War Paint (Part 4): Revolt of Cairo

Part 4 in a 10 part series.

The revolt of Cairo took place in 1798, shortly after Napoleon Bonaparte and his French forces took the city during their occupation of Egypt. The campaign was fought to destabilize British power in the Near East and India and, ostensibly, to spread the ideals of Republicanism. After taking Cairo without a shot fired in July of that year, tension began to mount. On October 21, in a surprise attack, citizens of Cairo rose up in revolt against the French stationed there, killing French general Dominique Martin Dupuy, among hundreds of others, in the process. Napoleon returned to the city and his response was both swift and brutal. After herding the belligerents into the Great Mosque, which had been fortified and armed by the locals for the days events, he opened fire with his cannon. French forces then massacred the Egyptians who’d taken refuge there, killing or wounding some 5,000.

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Rise of Apartheid: A Nightmare in Living Memory

Frederik de Klerk and Nelson Mandela shake hands at the Annual Meeting of the World Economic Forum held in Davos in January 1992. Copyright World Economic Forum

Frederik de Klerk and Nelson Mandela shake hands at the Annual Meeting of the World Economic Forum held in Davos in January 1992. Copyright World Economic Forum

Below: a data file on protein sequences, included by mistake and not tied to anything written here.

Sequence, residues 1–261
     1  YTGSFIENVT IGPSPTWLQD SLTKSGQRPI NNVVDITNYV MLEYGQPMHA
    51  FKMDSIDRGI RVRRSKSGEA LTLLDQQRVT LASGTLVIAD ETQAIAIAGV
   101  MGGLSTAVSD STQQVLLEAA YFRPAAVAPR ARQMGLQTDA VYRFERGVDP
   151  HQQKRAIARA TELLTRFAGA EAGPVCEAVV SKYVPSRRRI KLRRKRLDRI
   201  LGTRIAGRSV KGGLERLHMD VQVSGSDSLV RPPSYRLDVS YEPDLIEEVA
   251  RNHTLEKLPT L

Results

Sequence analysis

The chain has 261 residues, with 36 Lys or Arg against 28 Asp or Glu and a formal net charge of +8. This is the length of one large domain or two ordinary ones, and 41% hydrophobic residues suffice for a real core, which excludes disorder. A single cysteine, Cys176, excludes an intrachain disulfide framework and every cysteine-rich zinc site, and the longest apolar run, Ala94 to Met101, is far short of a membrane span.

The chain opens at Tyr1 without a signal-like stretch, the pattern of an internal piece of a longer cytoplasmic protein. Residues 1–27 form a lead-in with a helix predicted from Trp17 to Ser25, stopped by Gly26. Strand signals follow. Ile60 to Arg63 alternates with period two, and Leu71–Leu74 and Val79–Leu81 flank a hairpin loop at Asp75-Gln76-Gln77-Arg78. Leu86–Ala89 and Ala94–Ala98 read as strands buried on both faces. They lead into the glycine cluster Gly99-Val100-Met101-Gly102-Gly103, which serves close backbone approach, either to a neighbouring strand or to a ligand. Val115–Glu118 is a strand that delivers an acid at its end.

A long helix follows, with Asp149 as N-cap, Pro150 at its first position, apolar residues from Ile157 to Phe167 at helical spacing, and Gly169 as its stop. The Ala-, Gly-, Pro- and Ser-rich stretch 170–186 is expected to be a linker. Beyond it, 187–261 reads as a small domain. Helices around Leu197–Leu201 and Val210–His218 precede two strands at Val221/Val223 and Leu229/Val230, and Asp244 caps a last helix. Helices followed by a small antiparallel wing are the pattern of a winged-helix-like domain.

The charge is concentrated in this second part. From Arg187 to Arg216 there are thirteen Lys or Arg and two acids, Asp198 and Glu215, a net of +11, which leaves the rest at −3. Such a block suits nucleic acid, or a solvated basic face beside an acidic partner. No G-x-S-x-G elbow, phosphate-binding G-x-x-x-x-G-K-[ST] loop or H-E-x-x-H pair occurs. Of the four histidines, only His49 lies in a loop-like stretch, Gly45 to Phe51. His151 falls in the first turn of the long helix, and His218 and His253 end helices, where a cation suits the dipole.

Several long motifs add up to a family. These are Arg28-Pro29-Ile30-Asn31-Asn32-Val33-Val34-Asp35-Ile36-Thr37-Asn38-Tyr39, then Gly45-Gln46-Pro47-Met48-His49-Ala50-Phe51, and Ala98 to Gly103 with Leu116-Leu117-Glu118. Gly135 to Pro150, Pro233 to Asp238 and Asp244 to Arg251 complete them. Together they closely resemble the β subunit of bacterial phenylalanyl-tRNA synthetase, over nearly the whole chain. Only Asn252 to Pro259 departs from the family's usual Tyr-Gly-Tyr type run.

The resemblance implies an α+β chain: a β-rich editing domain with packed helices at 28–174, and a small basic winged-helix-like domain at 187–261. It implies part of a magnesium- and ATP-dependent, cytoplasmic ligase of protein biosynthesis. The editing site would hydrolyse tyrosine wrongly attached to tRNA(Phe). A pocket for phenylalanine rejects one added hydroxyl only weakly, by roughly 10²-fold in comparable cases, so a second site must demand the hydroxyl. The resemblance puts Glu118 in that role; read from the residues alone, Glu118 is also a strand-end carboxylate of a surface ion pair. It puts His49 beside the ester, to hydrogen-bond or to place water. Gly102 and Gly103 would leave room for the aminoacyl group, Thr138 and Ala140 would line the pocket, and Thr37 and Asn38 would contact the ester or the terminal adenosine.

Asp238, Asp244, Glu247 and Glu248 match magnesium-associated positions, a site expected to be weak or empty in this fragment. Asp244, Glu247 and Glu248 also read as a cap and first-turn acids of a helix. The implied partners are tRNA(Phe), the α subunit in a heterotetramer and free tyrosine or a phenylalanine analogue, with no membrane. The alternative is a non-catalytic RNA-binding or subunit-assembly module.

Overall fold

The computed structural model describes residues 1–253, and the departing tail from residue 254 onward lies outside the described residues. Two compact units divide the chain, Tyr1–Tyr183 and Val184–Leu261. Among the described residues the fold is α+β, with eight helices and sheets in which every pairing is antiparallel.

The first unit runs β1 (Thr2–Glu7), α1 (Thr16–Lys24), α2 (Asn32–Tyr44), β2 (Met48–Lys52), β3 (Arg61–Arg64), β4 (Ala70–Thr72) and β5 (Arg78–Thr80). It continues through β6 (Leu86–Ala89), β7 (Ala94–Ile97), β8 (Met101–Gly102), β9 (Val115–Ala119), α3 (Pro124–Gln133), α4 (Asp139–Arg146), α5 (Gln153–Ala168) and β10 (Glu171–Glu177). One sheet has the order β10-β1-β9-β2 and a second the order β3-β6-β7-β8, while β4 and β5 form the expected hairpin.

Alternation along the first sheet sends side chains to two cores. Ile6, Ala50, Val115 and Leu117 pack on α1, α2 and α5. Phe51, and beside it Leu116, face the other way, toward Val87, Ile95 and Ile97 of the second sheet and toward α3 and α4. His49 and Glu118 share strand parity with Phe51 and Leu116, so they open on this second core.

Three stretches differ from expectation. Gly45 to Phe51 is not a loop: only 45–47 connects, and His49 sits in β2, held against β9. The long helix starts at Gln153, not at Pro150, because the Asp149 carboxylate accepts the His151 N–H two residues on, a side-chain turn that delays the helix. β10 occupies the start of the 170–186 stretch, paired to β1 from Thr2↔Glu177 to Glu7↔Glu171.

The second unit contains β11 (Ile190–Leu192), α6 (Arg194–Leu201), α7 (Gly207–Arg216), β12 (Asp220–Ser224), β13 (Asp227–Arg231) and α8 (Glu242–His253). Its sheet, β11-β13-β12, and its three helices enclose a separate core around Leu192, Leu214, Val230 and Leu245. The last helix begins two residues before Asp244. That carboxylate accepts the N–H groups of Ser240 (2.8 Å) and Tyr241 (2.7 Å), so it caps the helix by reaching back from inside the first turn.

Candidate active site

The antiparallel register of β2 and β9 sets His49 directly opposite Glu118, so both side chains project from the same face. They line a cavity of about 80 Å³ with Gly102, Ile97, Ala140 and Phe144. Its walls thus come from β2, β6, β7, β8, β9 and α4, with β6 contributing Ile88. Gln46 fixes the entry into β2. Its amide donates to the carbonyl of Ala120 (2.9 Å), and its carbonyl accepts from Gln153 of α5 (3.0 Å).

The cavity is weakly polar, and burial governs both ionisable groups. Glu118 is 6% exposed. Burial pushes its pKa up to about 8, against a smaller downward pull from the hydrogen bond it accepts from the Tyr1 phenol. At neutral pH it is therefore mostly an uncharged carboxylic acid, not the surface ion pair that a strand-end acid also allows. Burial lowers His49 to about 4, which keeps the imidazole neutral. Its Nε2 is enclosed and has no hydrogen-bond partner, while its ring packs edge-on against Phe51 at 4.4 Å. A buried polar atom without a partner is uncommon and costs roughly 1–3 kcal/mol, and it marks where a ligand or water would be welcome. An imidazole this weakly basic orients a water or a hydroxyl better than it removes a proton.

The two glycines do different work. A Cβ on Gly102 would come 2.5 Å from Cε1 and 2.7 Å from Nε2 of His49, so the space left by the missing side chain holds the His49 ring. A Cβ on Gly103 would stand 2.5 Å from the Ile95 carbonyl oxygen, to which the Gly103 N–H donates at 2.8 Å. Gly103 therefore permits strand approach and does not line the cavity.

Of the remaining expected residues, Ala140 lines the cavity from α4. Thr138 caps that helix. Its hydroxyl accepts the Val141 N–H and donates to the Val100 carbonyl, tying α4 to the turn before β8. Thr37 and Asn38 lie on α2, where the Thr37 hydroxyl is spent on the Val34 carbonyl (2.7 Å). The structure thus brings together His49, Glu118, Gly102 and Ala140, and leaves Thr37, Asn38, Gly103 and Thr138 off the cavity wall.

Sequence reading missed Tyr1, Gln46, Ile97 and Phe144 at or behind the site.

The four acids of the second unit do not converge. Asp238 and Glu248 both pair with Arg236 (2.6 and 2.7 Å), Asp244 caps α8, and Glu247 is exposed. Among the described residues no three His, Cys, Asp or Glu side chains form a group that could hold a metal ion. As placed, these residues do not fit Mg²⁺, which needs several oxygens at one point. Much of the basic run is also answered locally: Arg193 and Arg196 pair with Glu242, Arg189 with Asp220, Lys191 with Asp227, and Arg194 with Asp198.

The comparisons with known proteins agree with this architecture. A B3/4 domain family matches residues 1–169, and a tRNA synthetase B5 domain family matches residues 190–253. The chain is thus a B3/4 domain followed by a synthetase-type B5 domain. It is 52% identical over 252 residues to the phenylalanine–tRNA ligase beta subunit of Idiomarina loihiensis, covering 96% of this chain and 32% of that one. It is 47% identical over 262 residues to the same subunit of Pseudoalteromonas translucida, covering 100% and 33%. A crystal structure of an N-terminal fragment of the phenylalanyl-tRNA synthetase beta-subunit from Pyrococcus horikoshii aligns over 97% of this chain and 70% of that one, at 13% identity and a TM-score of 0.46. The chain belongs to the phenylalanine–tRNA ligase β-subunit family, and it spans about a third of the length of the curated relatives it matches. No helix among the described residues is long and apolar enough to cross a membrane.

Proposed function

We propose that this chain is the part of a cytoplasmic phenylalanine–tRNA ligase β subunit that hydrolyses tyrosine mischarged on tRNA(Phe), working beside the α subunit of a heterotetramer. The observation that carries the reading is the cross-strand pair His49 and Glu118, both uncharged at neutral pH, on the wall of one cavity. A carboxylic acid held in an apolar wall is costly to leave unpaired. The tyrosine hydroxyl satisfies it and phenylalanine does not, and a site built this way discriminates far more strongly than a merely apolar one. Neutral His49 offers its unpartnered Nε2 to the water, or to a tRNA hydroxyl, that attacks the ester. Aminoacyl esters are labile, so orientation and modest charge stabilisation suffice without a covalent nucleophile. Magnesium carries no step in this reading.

Nelson Mandela has passed away.

I had planned on having a weekly segment on the blog called History in the News. The idea is to demonstrate history’s relevance and impact on our daily lives while simultaneously forcing myself to write about topics I wouldn’t normally tackle. The vast majority of what I’ll cover on the blog will be from the distant past. With the idea in place, all I needed was a current event to fall into my lap. Shortly before the publication of my first post, Mandela passed away after 95 years, and the choice became obvious. The world does not lack for tributes to the great South African statesman in the wake of his death. There’s really no need for me to add another to the mounting multitudes. I’ve decided to give a quick look at the system whose dismantling he would grow to symbolize: apartheid.

I’ll link to some biographies and tributes below, for those of you that are interested.

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